Miele also submitted a late comment in response to the June 2015 NOPR regarding commercial-style ovens. Miele commented that DOE should either consider establishing a separate product class and exempt commercial-style ovens from standards or delay the rulemaking until there is a finalized test procedure that adequately measures commercial-style products energy use and accounts for the enhanced cooking performance so that these products are not eliminated from the market. Miele commented that the DOE test procedure does not adequately reflect the energy use of commercial-style products because it does not account for the effects of door openings and the energy required for thermal recovery. Miele noted that the added mass of commercial-style ovens provides the advantage of requiring less energy and time to recover, which alters the quality of foods being cooked. (Miele, No. 42 at pp. 1-2)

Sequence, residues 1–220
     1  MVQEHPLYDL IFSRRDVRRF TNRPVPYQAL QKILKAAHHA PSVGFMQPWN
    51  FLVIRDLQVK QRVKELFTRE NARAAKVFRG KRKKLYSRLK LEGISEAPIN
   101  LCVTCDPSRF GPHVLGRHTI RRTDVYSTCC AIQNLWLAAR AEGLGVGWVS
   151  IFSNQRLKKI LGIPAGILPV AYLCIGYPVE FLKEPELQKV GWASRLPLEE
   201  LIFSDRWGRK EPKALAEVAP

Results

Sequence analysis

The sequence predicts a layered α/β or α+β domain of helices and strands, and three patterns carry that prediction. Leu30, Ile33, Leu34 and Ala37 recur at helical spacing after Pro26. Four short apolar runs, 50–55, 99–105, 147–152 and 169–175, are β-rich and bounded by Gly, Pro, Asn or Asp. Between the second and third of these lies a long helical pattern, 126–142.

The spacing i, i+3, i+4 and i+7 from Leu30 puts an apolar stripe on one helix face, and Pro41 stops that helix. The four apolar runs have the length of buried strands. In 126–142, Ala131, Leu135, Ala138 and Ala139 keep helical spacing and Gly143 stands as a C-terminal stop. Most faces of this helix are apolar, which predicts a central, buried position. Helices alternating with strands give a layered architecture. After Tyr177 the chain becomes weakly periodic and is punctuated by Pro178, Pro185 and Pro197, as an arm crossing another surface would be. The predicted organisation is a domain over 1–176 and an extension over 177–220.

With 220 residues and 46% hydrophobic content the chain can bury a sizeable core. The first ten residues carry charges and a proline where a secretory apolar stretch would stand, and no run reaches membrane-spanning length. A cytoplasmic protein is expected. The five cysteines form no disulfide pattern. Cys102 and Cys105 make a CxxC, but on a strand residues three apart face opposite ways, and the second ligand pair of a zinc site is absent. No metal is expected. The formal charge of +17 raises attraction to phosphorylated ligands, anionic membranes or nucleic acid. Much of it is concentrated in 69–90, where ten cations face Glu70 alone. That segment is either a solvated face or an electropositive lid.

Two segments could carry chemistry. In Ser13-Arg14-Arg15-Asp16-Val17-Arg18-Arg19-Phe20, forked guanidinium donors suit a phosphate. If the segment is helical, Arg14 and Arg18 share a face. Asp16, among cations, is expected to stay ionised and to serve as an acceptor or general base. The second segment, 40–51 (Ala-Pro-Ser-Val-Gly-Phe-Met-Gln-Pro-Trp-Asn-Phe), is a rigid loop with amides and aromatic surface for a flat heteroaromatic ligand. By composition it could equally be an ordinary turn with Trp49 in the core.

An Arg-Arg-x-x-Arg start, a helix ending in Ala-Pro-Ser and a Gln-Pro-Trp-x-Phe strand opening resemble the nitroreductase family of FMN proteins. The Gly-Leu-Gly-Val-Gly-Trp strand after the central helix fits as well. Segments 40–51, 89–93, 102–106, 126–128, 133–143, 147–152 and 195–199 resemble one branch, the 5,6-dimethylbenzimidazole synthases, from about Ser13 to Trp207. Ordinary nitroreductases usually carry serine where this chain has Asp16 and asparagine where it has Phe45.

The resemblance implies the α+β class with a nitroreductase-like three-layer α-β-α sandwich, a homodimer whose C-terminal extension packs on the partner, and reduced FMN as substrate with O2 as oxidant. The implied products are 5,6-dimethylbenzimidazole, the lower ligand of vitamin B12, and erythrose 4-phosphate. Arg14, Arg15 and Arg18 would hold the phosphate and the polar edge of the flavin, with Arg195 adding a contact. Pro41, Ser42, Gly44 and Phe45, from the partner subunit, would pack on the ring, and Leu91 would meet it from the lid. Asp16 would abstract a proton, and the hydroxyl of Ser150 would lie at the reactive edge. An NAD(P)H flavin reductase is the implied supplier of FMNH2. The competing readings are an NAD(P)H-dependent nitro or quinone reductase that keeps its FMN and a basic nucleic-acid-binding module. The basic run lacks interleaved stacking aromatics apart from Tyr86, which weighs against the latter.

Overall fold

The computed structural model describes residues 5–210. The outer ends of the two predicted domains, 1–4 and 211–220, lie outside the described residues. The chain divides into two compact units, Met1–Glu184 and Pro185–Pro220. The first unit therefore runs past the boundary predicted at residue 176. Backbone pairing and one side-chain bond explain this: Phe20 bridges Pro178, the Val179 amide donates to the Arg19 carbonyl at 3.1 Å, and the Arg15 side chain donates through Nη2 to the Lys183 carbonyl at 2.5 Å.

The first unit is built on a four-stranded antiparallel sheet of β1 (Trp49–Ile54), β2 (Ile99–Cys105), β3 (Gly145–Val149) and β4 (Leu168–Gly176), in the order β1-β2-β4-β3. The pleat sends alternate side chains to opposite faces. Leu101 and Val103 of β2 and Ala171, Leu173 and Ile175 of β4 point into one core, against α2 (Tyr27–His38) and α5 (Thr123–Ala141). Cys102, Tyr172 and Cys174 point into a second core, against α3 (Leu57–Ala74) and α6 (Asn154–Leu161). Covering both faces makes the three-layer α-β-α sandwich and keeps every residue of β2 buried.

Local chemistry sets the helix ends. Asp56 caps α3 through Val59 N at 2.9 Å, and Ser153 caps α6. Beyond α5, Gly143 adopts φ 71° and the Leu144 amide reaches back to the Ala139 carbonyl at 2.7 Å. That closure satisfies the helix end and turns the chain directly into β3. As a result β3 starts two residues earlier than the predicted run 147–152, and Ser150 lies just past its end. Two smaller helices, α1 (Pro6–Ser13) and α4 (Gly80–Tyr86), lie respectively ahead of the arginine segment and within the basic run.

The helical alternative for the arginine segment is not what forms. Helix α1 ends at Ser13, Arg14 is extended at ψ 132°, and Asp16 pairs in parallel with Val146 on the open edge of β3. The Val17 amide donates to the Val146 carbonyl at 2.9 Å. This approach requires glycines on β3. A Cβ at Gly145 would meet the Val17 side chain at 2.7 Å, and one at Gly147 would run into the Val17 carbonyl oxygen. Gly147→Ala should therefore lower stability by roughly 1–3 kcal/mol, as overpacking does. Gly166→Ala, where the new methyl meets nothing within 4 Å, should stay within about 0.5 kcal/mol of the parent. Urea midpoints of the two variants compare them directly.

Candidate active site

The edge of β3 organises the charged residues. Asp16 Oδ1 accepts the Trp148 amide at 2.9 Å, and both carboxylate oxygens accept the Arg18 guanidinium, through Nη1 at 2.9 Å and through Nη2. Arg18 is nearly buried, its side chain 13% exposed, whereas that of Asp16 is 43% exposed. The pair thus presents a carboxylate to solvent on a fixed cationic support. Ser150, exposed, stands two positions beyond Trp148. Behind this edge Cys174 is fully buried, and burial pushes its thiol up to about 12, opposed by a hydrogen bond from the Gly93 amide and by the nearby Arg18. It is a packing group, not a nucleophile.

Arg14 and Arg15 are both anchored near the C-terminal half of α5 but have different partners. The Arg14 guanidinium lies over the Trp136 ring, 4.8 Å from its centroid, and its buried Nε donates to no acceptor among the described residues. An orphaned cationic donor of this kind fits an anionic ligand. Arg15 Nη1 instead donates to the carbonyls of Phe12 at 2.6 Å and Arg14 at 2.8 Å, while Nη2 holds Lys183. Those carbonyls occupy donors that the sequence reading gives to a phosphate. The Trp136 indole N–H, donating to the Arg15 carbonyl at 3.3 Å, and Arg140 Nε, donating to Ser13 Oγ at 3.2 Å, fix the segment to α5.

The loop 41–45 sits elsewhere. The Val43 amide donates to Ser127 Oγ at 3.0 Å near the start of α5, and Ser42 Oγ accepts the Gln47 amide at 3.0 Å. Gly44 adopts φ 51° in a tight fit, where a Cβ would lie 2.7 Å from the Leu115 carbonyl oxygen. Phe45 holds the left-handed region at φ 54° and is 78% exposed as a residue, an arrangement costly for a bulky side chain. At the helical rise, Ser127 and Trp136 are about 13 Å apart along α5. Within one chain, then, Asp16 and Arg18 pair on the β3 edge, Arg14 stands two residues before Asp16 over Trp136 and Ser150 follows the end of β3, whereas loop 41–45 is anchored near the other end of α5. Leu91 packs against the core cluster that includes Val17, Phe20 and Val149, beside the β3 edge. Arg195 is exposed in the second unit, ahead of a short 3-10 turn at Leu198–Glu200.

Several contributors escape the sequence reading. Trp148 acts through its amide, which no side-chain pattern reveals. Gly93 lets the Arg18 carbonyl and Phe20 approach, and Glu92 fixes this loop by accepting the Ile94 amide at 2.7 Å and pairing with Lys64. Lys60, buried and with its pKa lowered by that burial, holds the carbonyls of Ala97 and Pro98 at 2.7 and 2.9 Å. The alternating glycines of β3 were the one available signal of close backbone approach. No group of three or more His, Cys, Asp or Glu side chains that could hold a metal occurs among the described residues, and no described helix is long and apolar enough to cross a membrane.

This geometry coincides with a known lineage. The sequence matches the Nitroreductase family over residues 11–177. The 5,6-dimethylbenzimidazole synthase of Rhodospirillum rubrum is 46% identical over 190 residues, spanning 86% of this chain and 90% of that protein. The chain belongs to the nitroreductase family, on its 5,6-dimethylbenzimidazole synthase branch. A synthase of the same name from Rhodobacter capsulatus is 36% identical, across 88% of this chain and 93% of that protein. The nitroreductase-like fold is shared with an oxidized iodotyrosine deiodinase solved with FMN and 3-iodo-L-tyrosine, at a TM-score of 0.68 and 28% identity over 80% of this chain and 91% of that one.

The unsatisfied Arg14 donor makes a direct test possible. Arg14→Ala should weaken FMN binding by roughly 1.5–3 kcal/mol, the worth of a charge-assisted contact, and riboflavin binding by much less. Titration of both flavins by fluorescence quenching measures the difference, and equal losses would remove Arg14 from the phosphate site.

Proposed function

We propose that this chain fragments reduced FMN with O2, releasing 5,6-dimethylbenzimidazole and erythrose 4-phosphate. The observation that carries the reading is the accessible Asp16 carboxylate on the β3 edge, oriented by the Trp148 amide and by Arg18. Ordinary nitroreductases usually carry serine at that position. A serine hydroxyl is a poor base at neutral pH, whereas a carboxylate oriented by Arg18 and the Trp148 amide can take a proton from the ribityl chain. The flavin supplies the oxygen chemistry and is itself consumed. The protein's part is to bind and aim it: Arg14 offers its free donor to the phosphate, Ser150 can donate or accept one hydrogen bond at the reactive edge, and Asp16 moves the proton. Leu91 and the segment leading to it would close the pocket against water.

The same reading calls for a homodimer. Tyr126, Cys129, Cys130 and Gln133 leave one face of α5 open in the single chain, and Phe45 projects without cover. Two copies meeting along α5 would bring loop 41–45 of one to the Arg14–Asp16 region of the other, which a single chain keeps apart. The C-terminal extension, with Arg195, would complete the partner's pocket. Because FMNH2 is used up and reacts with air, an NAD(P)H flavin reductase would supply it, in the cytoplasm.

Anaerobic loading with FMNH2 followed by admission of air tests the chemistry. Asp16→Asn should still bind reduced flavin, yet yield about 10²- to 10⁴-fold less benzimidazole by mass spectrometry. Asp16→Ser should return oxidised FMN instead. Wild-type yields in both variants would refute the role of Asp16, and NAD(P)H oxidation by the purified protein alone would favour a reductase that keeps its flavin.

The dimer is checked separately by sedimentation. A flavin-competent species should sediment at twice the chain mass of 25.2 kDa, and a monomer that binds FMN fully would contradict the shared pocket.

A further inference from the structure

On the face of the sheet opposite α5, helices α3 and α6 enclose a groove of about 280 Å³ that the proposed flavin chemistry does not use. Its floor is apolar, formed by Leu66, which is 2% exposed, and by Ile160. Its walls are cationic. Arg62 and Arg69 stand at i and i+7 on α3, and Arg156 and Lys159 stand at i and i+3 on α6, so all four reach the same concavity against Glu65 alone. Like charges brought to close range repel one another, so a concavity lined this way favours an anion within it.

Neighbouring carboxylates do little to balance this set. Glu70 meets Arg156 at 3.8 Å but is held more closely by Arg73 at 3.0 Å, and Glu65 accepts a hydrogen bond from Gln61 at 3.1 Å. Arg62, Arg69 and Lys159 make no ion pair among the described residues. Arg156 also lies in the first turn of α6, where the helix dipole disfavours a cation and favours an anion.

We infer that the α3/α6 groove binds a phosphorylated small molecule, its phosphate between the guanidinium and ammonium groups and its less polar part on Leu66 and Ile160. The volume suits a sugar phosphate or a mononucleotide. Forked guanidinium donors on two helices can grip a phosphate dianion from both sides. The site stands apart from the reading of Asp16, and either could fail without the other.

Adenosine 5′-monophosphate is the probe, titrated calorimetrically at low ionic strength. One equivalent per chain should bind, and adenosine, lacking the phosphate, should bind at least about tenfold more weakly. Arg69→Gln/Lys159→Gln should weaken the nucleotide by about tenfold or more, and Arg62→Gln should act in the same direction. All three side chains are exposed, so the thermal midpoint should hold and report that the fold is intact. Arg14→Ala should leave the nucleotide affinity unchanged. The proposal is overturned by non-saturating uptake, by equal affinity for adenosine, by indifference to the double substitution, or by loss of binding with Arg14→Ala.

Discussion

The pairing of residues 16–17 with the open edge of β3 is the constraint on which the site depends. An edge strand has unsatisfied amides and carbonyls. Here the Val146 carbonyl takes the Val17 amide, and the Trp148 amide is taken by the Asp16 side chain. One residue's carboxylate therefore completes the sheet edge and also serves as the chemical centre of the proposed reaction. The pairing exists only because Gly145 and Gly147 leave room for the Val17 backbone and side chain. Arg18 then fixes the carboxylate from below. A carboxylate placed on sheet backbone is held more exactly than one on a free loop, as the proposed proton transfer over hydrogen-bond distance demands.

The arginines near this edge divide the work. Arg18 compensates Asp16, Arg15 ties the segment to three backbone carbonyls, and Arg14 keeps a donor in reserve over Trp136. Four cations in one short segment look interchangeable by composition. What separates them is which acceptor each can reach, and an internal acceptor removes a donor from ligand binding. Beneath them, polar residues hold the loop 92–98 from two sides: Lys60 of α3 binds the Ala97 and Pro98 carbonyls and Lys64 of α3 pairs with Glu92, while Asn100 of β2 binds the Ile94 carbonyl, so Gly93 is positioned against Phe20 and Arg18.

To further address whether commercial-style ovens provide a Start Printed Page 60806unique utility that would warrant establishing a separate product class, DOE conducted additional interviews with manufacturers of commercial-style cooking products and reviewed additional commercial-style test data. While these data demonstrated a difference in energy consumption between residential-style and commercial-style ovens when measured according to the test procedure adopted in the July 2015 TP Final Rule, this difference could not be correlated to any specific utility provided to consumers. Moreover, DOE is not aware of an industry test standard that evaluates cooking performance and that would quantify the utility provided by these products. DOE also notes that all conventional ovens, regardless of whether or not the product is marketed as commercial-style, must meet the same safety standards for the construction of the oven. American National Standards Institute (ANSI) Z21.1 “Household Cooking Gas Appliances” (ANSI Z21.1), Section 1.21.1, requires that the oven structure, and specifically the baking racks, have sufficient strength to sustain a load of up to 25 pounds depending on the width of the rack. A similar standard (Underwriters Laboratories (UL) 858 “Household Electric Ranges” (UL 858)) exists for electric ovens.